Figure 1: This is an example of a binary value transferred in biphase mark coding.

Figure 1: This is an example of a binary value transferred in biphase mark coding.

For a 1 bit there is also a transition halfway through the clock period. With a 0 bit, there is no extra transition. The absolute levels in biphase encoding are irrelevant, only the changes in the output line are important. In the previous example, the transmission starts with the idle state at a high logic level but ends in an idle state at a low logic level.

Listing 1 shows an example implementation to transmit a byte in biphase encoding over a single I/O pin. The listing refers to the trace_delay() and toggle_pin() functions (or macros). These system-dependent functions must be implemented on the DUT. The trace_delay() function should create a short delay, but not shorter than 5 µs (and not longer than 50 ms). The toggle_pin() function must toggle the output pin from low to high or from high to low.

For each bit, the function in Listing 1 inverts the pin and invokes trace_delay() twice. However, if the bit is a 1, it inverts the pin again between the two delay periods. Therefore, a bit’s clock cycle takes two basic “delay periods.”

Listing 1: Transmitting a byte in biphase encoding, based on a function to toggle an I/O pin, is shown.

Listing 1: Transmitting a byte in biphase encoding, based on a function to toggle an I/O pin, is shown.

The biphase encoding signal goes from the DUT to a trace dongle. The dongle decodes the signal and forwards it as serial data from a virtual RS-232 port to the workstation (see Photo 2 and the circuit in Figure 2).

Photo 2: The trace dongle is inserted into a laptop and connected to the DUT.

Photo 2: The trace dongle is inserted into a laptop and connected to the DUT.

This trace dongle interprets biphase encoding.

Figure 2: This trace dongle interprets biphase encoding.

The buffer is there to protect the microcontroller’s input pin from spikes and to translate the DUT’s logic levels to 5-V TTL levels. I wanted the trace dongle to work whether the DUT used 3-, 3.3-, or 5-V logic. I used a buffer with a Schmitt trigger to avoid the “output high” level of the DUT at 3-V logic, plus noise picked up by the test cable would fall in the undefined area of 5-V TTL input.

Regarding the inductor, the USB interface provides 5 V and the electronics run at 5 V. There isn’t room for a voltage regulator. Since the USB power comes from a PC, I assumed it might not be a “clean” voltage. I used the LC filter to reduce noise on the power line.

The trace dongle uses a Future Technology Devices International (FTDI) FT232RL USB-to-RS-232 converter and a Microchip Technology PIC16F1824 microcontroller. The main reason I chose the FT232RL converter is FTDI’s excellent drivers for multiple OSes. True, your favorite OS already comes with a driver for virtual serial ports, but it is adequate at best. The FTDI drivers offer lower latency and a flexible API. With these drivers, the timestamps displayed in the trace viewers are as accurate as what can be achieved with the USB protocol, typically within 2 ms.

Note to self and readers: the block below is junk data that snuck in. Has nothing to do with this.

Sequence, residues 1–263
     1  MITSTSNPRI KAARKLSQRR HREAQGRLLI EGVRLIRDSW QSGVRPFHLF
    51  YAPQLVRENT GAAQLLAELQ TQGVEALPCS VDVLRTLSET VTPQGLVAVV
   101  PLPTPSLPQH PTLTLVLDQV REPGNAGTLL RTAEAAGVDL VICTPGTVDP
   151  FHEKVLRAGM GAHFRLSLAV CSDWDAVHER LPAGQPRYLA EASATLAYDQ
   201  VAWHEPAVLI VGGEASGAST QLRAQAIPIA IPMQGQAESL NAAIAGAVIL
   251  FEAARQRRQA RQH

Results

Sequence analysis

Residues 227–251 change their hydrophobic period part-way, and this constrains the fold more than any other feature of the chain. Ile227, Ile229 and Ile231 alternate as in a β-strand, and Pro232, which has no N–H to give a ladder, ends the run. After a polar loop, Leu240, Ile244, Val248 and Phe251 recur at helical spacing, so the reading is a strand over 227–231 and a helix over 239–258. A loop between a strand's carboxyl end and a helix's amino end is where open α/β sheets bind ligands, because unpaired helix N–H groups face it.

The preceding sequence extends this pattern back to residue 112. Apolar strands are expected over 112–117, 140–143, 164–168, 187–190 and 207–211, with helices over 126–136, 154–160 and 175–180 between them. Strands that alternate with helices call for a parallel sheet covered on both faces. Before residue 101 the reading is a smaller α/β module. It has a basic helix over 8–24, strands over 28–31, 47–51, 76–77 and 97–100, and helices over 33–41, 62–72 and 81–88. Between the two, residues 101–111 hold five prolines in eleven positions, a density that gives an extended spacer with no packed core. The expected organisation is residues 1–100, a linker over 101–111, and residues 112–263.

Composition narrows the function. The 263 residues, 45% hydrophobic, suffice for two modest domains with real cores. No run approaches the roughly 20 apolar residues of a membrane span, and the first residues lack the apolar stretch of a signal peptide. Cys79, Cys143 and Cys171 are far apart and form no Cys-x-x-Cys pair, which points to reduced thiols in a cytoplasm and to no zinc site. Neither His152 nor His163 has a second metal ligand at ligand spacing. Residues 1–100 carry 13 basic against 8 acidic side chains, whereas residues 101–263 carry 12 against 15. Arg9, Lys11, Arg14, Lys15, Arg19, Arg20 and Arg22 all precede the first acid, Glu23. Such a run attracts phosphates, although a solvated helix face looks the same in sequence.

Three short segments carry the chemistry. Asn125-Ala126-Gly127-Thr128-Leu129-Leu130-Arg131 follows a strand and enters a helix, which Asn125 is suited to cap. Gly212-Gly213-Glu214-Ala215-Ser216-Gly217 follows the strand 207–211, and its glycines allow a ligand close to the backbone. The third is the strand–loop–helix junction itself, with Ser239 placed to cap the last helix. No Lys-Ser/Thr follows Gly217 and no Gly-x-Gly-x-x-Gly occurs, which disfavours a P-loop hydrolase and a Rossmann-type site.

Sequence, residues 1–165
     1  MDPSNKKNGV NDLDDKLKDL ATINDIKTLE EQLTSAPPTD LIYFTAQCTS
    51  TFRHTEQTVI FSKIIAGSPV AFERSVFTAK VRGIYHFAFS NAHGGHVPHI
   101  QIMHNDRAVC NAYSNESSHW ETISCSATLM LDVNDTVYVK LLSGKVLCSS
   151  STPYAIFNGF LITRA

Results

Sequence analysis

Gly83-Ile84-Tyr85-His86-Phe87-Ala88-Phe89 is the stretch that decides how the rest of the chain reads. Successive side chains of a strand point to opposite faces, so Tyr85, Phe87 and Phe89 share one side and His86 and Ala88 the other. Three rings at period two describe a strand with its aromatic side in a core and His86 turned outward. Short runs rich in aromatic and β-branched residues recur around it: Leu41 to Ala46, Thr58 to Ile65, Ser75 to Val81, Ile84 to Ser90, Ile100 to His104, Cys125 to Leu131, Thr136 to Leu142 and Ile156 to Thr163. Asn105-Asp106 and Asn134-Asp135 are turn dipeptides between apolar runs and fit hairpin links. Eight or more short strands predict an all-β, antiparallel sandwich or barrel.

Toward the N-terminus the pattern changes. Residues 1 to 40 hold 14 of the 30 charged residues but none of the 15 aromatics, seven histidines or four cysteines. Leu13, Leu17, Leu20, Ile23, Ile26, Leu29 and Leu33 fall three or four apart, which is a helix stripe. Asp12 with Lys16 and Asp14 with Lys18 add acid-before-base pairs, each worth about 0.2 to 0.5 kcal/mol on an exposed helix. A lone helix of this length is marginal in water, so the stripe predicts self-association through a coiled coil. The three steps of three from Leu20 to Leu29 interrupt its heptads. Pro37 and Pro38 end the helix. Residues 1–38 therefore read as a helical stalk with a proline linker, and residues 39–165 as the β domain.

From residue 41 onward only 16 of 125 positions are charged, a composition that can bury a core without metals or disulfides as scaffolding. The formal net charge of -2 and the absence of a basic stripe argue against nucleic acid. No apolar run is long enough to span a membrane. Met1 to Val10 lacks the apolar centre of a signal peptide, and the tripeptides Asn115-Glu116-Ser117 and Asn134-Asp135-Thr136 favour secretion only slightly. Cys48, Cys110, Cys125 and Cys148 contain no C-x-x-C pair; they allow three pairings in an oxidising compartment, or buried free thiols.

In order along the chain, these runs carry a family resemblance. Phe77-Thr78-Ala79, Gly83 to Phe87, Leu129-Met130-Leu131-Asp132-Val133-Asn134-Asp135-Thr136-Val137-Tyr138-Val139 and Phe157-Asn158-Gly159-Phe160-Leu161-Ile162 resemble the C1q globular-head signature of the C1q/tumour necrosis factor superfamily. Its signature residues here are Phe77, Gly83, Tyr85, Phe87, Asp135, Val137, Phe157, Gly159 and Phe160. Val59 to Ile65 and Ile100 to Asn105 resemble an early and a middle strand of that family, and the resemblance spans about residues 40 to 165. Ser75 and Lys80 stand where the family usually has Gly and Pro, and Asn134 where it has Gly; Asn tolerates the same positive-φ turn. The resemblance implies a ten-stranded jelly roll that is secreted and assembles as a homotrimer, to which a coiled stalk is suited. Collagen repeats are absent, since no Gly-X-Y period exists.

I chose the PIC microcontroller for its low cost and low pin count. I selected the PIC16F1824 because I had used it in an earlier project and I had several on hand. The microcontroller runs on a 12-MHz clock that is provided by the FTDI chip.

The pins to connect to the DUT are a ground and a data line. The data line is terminated at 120 Ω to match the impedance of the wire between the dongle and the DUT.

The cable between the DUT and the trace dongle may be fairly long; therefore signal reflections in the cable should be considered even for relatively low transmission speeds of roughly 250 kHz. That cable is typically just loose wire. The impedance of loose wire varies, but 120 Ω is a good approximate value.

The data line can handle 3-to-5-V logic voltages. Voltages up to 9 V do not harm the dongle because it is protected with a Zener diode (the 9-V limit is due to the selected Zener diode’s maximum power dissipation). The data line has a 10-kΩ to 5-V pull-up, so you can use it on an open-collector output.

The last item of interest in the circuit is a bicolor LED that is simply an indicator for the trace dongle’s status and activity. The LED illuminates red when the dongle is “idle” (i.e., it has been enumerated by the OS). It illuminates green when biphase encoded data is being received.

After the dongle is built, it must be programmed. First, the FT232RL must be programmed (with FTDI’s “FT Prog” program) to provide a 12-MHz clock on Pin C0. The “Product Description” in the USB string descriptors should be set to “tracedongle” so the trace viewers can find the dongle among other FTDI devices (if any). To avoid the dongle being listed as a serial port, I also set the option to only load the FTDI D2XX drivers.

To upload the firmware in the PIC microcontroller, you need a programmer (e.g., Microchip Technology’s PICkit) and a Tag-Connect cable, which eliminates the need for a six-pin header on the PCB, so it saves board space and cost.

The rest of the article provides details of how to create the dongle firmware, how to add trace statements to the DUT software being monitored, and how to use the GUI version of the trace viewer.

The tracing system is complete, but it can be enhanced, Riemersma says. “Future improvements to the tracing system would include the ability to draw graphs (e.g., for task switches or queue capacity) or a way to get higher precision timestamps of received trace packets,” he says.

For Riemersma’s full article, refer to our April issue now available for membership download or single-issue purchase.